1. Cross-cultural concepts are difficult to instill in people whose home departments don't actually make attempts at doing what they rhetorically say is important. I've seen similar statements by departments at a large Midwestern public university, but have personally witnessed a lack of follow-through in terms of teaching. It's almost like administrators assume that a cultural construct - such as plagiarism specifically or academic writing more broadly - is magically imbued in all students and/or it is the job of each professor to teach these things, while giving little or no incentive to professors to actually do so. In the end, those professors who might suffer directly from a student's plagiarism in a journal article often just revise or rewrite the article (IOW, no actual teaching and training in writing skills let alone inculcation of Western/Anglo-American norms of academic writing).

    A short collection of links describing cross-cultural understandings of plagiarism:


    Bottom line: It doesn't matter how much departments preach the importance of certain "cornerstones" of academia if they don't actually invest in teaching (i.e., provide incentives or actual classes in academic writing norms of the field) and policing (i.e., clear requirements of students and faculty as well as clear punishments for infractions).

  2. Plagiarism has been around for a long time. I have used a Guardian article by Martin Kettle (Cheating Students Caught up in a Web of Deceit) to illustrate how the internet not only makes it easier to plagiarise, it also makes it easier to detect and who knows what went on when we had to rely on ink and paper.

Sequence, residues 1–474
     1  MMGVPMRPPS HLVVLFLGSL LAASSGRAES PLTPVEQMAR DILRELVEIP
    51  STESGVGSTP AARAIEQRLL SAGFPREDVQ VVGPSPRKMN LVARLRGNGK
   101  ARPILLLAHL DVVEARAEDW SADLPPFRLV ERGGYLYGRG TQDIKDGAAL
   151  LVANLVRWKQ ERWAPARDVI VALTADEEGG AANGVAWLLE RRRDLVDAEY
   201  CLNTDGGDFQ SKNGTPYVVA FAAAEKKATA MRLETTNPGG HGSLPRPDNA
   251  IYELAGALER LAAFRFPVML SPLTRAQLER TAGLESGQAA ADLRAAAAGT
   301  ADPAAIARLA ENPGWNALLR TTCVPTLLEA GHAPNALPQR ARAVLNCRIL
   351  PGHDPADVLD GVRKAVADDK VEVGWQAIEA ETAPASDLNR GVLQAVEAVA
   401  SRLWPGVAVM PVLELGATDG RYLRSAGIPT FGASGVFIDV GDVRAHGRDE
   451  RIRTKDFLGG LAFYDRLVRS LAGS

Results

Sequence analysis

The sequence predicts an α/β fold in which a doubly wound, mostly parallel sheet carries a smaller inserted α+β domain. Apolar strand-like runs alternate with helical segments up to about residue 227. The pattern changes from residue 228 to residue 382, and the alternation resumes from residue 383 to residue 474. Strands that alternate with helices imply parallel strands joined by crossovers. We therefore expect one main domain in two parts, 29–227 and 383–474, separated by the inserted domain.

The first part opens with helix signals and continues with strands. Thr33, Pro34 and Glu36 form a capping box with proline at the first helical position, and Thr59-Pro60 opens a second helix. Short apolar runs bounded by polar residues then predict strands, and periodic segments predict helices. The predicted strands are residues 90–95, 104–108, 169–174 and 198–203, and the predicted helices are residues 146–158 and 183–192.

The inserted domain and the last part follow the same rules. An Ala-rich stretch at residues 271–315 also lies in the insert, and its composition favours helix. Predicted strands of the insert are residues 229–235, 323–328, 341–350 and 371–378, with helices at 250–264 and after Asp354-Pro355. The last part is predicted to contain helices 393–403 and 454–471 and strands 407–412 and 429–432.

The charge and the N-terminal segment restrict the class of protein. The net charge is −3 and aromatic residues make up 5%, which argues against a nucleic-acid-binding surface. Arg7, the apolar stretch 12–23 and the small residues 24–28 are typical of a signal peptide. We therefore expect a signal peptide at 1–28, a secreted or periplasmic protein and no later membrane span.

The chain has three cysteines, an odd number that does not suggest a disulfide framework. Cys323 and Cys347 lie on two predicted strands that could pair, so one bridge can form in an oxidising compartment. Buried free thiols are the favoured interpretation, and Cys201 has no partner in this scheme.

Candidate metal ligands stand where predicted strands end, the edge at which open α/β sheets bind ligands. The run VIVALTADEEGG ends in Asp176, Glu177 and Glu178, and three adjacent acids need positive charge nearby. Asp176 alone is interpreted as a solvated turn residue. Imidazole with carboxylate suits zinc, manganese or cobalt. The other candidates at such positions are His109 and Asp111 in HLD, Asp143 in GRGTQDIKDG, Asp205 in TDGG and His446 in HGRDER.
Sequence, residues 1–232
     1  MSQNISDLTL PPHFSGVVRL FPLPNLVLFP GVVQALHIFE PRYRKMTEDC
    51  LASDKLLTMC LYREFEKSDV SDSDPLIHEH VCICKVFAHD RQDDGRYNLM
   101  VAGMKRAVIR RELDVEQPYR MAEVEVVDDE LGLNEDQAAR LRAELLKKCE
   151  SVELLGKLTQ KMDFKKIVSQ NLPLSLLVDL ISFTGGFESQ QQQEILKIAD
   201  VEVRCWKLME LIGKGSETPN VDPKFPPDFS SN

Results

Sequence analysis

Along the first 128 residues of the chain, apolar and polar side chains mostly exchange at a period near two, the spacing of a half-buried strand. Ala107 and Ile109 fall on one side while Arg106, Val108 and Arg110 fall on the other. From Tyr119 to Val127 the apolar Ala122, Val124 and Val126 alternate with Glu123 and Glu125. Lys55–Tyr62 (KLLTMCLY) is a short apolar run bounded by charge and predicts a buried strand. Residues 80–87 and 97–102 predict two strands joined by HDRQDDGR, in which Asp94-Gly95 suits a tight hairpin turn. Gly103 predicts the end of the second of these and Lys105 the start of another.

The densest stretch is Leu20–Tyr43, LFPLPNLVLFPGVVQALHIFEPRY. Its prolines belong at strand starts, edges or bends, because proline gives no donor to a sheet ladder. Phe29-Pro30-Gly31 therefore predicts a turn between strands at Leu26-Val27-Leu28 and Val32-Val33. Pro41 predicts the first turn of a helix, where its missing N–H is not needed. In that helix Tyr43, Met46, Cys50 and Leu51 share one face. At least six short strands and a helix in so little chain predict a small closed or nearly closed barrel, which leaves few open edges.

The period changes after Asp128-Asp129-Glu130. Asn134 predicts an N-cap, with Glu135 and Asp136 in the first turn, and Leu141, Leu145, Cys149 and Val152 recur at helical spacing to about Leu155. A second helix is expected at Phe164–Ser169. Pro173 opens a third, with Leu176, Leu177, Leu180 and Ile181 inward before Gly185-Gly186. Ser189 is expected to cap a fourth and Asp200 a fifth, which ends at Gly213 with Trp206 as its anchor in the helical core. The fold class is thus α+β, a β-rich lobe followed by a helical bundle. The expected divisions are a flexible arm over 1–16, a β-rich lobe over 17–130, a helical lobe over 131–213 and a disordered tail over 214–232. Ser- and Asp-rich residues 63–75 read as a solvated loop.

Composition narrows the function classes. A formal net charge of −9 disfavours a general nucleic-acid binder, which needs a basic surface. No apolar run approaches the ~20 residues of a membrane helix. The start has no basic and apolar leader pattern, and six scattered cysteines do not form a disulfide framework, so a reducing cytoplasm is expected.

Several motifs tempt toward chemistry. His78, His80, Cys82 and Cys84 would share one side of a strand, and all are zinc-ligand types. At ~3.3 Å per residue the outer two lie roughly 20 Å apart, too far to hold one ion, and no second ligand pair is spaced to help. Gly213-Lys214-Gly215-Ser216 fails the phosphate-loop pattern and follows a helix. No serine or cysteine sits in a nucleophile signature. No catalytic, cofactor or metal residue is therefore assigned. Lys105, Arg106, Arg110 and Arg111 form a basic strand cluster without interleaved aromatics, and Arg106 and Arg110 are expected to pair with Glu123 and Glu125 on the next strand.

Some cultures value proverbs, aphorisms and wise sayings. Academic English does not and an unattributed quotation which does not breach copyright law may still run foul of plagiarism rules.

    Another problem is that we insist on originality while still insisting that every statement be backed up with reliable evidence.

    Paraphrasing (or rather not paraphrasing) is yet one more issue, for example providing an accurate in-text reference for an unmarked quote is still plagiarism.

    Fear of making grammar mistakes may also be a motive - if a native speaker wrote it, is must be correct.

    Plagiarism is lazy and dishonest and very few of my students are actually lazy and dishonest. It may be that we need to improve our teaching of English (I can say that because I am an English teacher), i.e. a little bit of carrot before we start to use the stick. Maybe.

  3. Sorry I'm so late to the discussion. Grammarly is not accurate. I am a reporter looking for software that corrects punctuation. I uploaded three sentences of my original reporting with no punctuation. Grammarly gave me a report that the punctuation passed but "significant plagiarism detected." This was original reporting from an interview; not plagiarized (and not punctuated either.)I would absolutely not use this to check students' papers when their grades hang in the balance. There are much better tools.